Top News from Israel & Palestine: June 8, 2021

What We’re Reading

Israeli Politics

Israel’s Parliament to Vote on New Government on Sunday,

” The immediate political future of Prime Minister Benjamin Netanyahu of Israel is set to be decided on Sunday, after the speaker of Israel’s Parliament said that lawmakers would hold a vote of confidence in a new coalition government that afternoon. If the fragile coalition can hold together until then, it will be the first time in 12 years that the country will be led by someone other than Mr. Netanyahu, Israel’s longest-serving prime minister. The announcement, by the Parliament speaker, Yariv Levin, on Tuesday, clears the way for Mr. Netanyahu to be replaced by Naftali Bennett, a former high-tech entrepreneur and settler leader who opposes a Palestinian state and believes Israel should annex much of the occupied West Bank. If confirmed by Parliament, Mr. Bennett will lead an ideologically varied alliance that ranges from the far left to the hard right and includes — for the first time in Israeli history — an independent Arab party.” Also Covered By: Haaretz; The Times of Israel

Tiff over West Bank construction a last-minute obstacle to coalition,

“According to the Tuesday report, Gideon Sa’ar’s New Hope party is demanding the formation of a new body to oversee the sensitive matter of enforcement of alleged illegal construction by Palestinians in the West Bank’s Area C, which constitutes some 60 percent of the territory and is under full Israeli security and civil control…New Hope says this was agreed to as part of its deal when it joined the new government. Gantz objects to this, as the matter is traditionally under his ministry’s Civil Administration. Channel 12 news reported that officials from both New Hope and Gantz’s Blue and White were claiming their party’s position on the matter had been accepted. The network cited sources involved in the negotiations as saying New Hope MK Ze’ev Elkin was attempting to veto the matter and warned that “without this, the government won’t be formed.””

‘Change government’ agenda: Electoral reform, budget and Jerusalem building boom,

“The document outlining the government agenda was publicized by Hebrew media on Monday night. It does not address specific religion-state issues and refers only vaguely to the peace process. The parties in the so-called “change bloc” are all backing the terms laid out in the document, according to Channel 12. According to the document, the eight parties in the prospective coalition have agreed to introduce a term limit for prime ministers, capping it at two terms or eight years, whichever is longer. But a clause in the agreement pledging to advance a law banning a prime minister who is under criminal indictment from serving or running has been struck from the draft, Channel 12 said…The coalition has also agreed to “significantly advance construction in Jerusalem, the capital of Israel, turning it into a dynamic and innovative metropolis,” the document said, without differentiating between west Jerusalem and East Jerusalem. “The government will work to strengthen Israel’s national security and safeguard the security of all Israeli citizens, alongside its constant pursuit of peace,” it said. Channel 12 said a clause, appearing in previous drafts, which pledged not to take any unilateral steps that could sabotage peace, was excised from the later version…“The government will work to mend the rifts between the various parts of Israeli society and fortify Israel’s foundations as a Jewish and democratic state, in the spirit of the Declaration of Independence, and will advance various plans that aim to bring Israel out of the economic crisis into which it has plunged, along with the entire world,” the document said.”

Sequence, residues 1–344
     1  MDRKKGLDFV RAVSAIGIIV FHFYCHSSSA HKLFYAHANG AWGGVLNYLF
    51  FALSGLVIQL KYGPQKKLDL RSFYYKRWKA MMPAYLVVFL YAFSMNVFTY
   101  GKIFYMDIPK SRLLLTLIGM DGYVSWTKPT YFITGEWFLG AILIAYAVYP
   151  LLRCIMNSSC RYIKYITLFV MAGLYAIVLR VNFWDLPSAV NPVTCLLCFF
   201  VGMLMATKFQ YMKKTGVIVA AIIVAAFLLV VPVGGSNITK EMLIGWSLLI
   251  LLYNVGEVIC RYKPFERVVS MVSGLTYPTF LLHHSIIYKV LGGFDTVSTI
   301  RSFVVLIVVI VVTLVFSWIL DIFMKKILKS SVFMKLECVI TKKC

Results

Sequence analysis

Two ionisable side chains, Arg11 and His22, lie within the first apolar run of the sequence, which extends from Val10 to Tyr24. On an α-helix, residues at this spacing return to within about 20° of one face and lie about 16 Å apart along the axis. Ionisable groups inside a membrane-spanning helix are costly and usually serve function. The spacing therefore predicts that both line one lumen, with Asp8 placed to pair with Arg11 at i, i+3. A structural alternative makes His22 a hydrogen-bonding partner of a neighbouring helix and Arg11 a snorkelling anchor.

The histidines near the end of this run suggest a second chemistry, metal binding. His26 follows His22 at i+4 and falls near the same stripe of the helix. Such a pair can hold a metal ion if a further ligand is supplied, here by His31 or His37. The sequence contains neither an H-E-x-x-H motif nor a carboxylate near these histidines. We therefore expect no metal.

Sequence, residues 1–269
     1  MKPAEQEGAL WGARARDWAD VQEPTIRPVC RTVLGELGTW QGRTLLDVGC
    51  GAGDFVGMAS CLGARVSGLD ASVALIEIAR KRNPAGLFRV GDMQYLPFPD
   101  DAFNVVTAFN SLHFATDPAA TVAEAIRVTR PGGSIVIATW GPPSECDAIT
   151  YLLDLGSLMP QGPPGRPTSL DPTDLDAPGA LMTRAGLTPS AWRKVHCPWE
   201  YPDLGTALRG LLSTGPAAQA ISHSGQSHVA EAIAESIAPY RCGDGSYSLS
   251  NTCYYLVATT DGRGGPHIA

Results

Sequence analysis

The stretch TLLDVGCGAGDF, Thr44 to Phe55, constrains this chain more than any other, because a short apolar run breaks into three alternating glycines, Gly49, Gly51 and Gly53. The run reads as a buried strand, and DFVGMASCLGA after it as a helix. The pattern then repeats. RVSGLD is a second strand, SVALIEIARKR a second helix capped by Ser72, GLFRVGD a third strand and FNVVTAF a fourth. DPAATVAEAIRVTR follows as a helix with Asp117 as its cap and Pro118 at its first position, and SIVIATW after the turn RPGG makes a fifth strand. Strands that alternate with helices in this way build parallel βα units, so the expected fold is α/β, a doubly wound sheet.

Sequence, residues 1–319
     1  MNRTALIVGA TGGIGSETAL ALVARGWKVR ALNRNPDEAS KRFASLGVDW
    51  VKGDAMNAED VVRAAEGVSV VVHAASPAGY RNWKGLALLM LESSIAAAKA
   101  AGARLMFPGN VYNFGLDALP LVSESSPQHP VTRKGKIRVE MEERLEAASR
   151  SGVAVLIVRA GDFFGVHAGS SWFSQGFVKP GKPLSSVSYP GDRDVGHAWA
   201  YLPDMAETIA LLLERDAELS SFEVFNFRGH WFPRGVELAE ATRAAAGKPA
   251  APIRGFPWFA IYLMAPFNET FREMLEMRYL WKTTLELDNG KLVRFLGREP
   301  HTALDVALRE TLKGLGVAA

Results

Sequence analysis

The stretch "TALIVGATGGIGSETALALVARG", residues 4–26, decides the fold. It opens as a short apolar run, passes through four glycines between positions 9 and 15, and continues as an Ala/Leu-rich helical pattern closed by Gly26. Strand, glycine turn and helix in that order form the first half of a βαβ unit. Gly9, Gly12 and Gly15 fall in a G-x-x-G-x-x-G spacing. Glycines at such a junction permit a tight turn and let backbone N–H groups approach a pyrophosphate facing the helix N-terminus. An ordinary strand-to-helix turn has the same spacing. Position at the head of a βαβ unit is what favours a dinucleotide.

More reports on coalition details:

  • “Yamina denies seeking law that would bar Netanyahu from running for Knesset” (The Times of Israel)